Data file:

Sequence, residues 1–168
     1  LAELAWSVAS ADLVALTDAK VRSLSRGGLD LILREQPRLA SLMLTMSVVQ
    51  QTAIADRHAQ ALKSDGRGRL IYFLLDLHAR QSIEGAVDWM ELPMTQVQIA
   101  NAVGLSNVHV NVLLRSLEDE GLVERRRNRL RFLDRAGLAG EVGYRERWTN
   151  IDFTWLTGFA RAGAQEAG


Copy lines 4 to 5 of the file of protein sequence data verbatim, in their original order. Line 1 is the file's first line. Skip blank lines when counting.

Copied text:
   101  NAVGLSNVHV NVLLRSLEDE GLVERRRNRL RFLDRAGLAG EVGYRERWTN
   151  IDFTWLTGFA RAGAQEAG